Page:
When my seven-year-old son was sexually assaulted about 20 times on school property by a classmate, I reported to the school what was happening. I also filed a police report, secured a restraining order, and filed a report with social services. The school not only refused to protect my son from the perpetrator, they wanted me to send him back to the same classroom so they could hire “extra eyeballs to observe and document their interactions,” essentially asking my traumatized son to act as bait so they could catch the student in the act.

Their combined actions and lack of actions further traumatized my son and absolutely violated Title IX law. He was forced to change schools six weeks before the end of the school year and subsequently developed PTSD. My husband and I incurred tens of thousands of dollars in expenses over the next 12 months related to therapists, doctors and time off from work.

I soon became aware of three other families in the same school district with eerily similar situations – one at the middle school level and two at the high school level. There was student-on-student sexual harassment or abuse, school administration was aware but refused to do anything to protect the victims or ameliorate their situations and the victims were being further traumatized. This obviously was a systemic problem that needed fixing, and after filing a complaint with the U.S. Department of Education Office of Civil Rights, our family was offered mediation.

Typically, mediation functions only to remediate an individual student’s situation, but nothing less than a systemic fix was going to be satisfactory for me. Finding a law firm with the expertise needed to advise us in this type of case was nearly impossible because it’s a very specialized area of law. Local law firms with expertise in Title IX law refused to take our case because they deemed it not big enough to justify their time. Fortunately, Monica Beck and The Fierberg National Law Group not only became a lifeline for us during an exceptionally trying time in our lives, they were instrumental in achieving a spectacular outcome — all without a lawsuit.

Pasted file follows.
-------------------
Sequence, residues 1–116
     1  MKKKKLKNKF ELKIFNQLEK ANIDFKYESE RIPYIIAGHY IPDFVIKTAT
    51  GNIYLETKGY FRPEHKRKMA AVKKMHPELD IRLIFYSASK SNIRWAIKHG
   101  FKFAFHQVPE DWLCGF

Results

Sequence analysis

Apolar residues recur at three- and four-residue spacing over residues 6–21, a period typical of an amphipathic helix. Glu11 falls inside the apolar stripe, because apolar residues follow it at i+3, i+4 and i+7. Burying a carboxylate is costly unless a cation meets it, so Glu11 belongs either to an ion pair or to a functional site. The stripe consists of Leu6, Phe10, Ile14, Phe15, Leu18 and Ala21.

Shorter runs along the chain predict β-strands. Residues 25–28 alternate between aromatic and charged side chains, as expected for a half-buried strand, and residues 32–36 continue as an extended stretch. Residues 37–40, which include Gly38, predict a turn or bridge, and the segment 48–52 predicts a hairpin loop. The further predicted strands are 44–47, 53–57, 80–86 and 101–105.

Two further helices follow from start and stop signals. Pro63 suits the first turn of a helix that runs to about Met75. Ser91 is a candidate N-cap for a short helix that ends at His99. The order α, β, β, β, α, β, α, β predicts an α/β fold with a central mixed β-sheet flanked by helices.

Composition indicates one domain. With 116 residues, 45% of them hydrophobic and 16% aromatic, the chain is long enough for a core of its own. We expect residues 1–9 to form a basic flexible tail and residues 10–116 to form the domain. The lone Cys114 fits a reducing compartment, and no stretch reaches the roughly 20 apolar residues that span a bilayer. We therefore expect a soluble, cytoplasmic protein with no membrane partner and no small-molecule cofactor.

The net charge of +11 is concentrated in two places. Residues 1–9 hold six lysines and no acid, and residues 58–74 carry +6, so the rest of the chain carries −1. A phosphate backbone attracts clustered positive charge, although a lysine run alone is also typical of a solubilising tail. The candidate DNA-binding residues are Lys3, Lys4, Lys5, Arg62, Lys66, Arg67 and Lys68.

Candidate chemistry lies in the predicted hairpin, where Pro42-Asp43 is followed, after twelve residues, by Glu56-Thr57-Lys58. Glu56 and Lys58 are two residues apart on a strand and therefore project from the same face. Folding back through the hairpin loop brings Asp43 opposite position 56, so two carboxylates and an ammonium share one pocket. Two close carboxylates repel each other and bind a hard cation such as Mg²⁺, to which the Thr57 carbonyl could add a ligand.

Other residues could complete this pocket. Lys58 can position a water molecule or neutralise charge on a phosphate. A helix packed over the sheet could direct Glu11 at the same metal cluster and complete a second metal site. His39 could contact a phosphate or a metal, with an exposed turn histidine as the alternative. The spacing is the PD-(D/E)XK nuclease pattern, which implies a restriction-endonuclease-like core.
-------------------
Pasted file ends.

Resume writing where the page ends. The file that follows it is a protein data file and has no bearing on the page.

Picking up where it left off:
The school district reimbursed us for a percentage of our documented out-of-pocket expenses, but more importantly, they agreed to train every principal in the school district and their bosses on how to respond appropriately to reports of sexual harassment and assault. They agreed to let Monica and me review the curriculum before they taught it, and I also got to meet with the district’s Title IX coordinator to impress upon him the important of his role in keeping students safe.

After 12 long months of fighting this battle to prevent other families from going through the torture of our experience, I couldn’t be happier with the end result. Thank you, Monica!

School Violence Law Represents Georgia High School Student Suspended After Reporting Her Sexual Assault

Title IX Complaint filed due to school district’s gross mishandling of sexual assault on a freshman student.gwinnett county public schools, slate, sexual assault, high school sexual assault